Sean Lyngaas

Sean Lyngaas

Sean Lyngaas is CyberScoop’s Senior Reporter covering DHS and Congress.

He was previously a freelance journalist in West Africa, where he covered everything from a presidential election in Ghana to military mutinies in Ivory Coast for The New York Times. Lyngaas’s reporting has also appeared in The Washington Post, The Economist, and the BBC, among other outlets. His investigation of cybersecurity issues in the nuclear sector, backed by a grant from the Pulitzer Center on Crisis Reporting, won plaudits from industrial security experts. He was previously a reporter with Federal Computer Week and, before that, with Smart Grid Today.

Sean earned a B.A. in public policy from Duke University and an M.A. in International Relations from The Fletcher School of Law and Diplomacy at Tufts University.

Financial

Gift-card scheme went well beyond Wipro hack, RiskIQ reports

by Sean Lyngaas • 1 day ago

RiskIQ has found at least five different attack campaigns tied to the perpetrators of the apparent Wipro breach.

Government

Senate investigation finds agencies 'unprepared' to protect Americans' data

by Sean Lyngaas • 2 days ago

Lessons from the 2015 OPM hack still haven’t been heeded, according to a Senate subcommittee.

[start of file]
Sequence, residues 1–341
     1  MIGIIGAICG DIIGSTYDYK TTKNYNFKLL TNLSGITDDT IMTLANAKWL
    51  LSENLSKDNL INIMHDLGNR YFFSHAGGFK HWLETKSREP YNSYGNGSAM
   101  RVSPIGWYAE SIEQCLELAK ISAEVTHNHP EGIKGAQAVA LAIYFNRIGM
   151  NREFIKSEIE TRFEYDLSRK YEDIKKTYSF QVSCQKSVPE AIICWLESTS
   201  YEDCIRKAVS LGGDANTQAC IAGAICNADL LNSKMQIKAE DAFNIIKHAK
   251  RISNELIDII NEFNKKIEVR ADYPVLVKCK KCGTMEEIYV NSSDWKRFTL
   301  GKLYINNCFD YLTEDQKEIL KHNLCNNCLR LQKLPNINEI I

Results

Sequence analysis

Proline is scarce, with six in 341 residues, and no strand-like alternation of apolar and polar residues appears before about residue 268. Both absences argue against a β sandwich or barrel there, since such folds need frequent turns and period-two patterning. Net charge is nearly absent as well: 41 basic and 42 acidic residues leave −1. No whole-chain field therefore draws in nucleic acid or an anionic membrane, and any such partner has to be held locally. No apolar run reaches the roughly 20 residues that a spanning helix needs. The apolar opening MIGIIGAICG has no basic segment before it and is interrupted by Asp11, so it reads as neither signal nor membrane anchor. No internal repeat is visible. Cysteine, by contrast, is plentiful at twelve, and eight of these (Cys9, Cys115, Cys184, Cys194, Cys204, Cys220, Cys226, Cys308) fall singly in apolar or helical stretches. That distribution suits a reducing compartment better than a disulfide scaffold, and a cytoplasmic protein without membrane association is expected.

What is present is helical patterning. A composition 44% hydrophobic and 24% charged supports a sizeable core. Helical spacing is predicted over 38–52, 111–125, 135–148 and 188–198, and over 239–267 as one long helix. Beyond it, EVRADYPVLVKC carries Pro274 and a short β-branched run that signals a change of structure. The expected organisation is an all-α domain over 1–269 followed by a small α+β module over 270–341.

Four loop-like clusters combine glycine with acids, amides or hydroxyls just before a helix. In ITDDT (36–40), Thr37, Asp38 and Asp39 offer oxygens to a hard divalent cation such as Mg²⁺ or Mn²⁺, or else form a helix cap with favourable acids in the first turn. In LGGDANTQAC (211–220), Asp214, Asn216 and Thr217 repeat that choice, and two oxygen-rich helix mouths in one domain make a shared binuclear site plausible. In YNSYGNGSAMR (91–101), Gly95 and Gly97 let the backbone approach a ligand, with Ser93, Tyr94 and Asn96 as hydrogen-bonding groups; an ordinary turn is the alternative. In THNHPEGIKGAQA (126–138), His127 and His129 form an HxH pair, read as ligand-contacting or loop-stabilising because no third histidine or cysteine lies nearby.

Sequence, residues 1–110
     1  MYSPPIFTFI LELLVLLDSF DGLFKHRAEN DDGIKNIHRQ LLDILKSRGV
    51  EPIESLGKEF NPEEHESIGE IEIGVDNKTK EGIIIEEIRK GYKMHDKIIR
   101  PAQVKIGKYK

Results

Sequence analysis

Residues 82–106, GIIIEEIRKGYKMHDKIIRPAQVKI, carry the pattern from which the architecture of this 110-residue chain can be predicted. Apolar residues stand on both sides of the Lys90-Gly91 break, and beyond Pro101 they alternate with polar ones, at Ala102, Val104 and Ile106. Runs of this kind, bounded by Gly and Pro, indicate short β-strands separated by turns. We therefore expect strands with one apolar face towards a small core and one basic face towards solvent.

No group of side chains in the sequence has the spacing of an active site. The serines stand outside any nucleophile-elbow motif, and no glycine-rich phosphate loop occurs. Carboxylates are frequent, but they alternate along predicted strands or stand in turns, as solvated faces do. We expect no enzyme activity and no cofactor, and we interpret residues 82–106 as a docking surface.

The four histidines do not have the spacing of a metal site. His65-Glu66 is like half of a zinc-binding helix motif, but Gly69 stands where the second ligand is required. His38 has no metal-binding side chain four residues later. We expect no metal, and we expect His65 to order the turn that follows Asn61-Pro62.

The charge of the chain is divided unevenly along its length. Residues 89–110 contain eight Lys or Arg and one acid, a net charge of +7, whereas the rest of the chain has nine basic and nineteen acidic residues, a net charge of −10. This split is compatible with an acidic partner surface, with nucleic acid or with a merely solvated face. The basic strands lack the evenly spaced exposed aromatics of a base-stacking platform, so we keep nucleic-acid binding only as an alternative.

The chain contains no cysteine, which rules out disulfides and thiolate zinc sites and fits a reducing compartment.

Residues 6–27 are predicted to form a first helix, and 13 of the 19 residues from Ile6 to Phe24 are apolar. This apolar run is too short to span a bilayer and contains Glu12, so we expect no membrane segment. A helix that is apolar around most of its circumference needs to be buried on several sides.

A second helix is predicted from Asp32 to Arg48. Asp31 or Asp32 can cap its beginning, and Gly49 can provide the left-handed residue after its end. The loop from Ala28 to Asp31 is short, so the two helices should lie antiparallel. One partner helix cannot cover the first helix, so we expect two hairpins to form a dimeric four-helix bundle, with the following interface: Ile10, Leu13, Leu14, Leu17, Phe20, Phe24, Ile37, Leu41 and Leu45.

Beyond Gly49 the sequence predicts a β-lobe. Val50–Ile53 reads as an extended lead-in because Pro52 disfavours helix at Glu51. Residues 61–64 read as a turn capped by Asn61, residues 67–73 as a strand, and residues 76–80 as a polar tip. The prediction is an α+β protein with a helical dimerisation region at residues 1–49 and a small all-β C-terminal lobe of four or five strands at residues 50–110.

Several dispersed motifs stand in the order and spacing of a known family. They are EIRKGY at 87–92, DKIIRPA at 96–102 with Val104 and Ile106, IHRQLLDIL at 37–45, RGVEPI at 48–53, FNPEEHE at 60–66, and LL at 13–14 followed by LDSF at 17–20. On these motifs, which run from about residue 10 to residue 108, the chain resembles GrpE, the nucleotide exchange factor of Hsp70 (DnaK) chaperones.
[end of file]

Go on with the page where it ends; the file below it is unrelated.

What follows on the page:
Technology

Chinese spies have been sucking up call records at multinational telecoms, researchers say

by Sean Lyngaas • 3 days ago

The hacking campaign has breached about 10 cellular providers in Africa, Europe, the Middle East and Asia, according to Cybereason.

Government

What happens when one APT hijacks another’s infrastructure

by Sean Lyngaas • 1 week ago

Servers, domains and other infrastructure are a contested resource like any other on the internet.

Technology

Android-based espionage campaign in the Middle East targets military data

by Sean Lyngaas • 1 week ago

Malware analyzed by Trend Micro sucks up a target phone’s call logs and records.

Technology

A bug in Wi-Fi ‘extenders’ could give a hacker full control over the devices

by Sean Lyngaas • 1 week ago

The vulnerability in a piece of TP-Link gear is just the latest bug to be found in popular home networking equipment.

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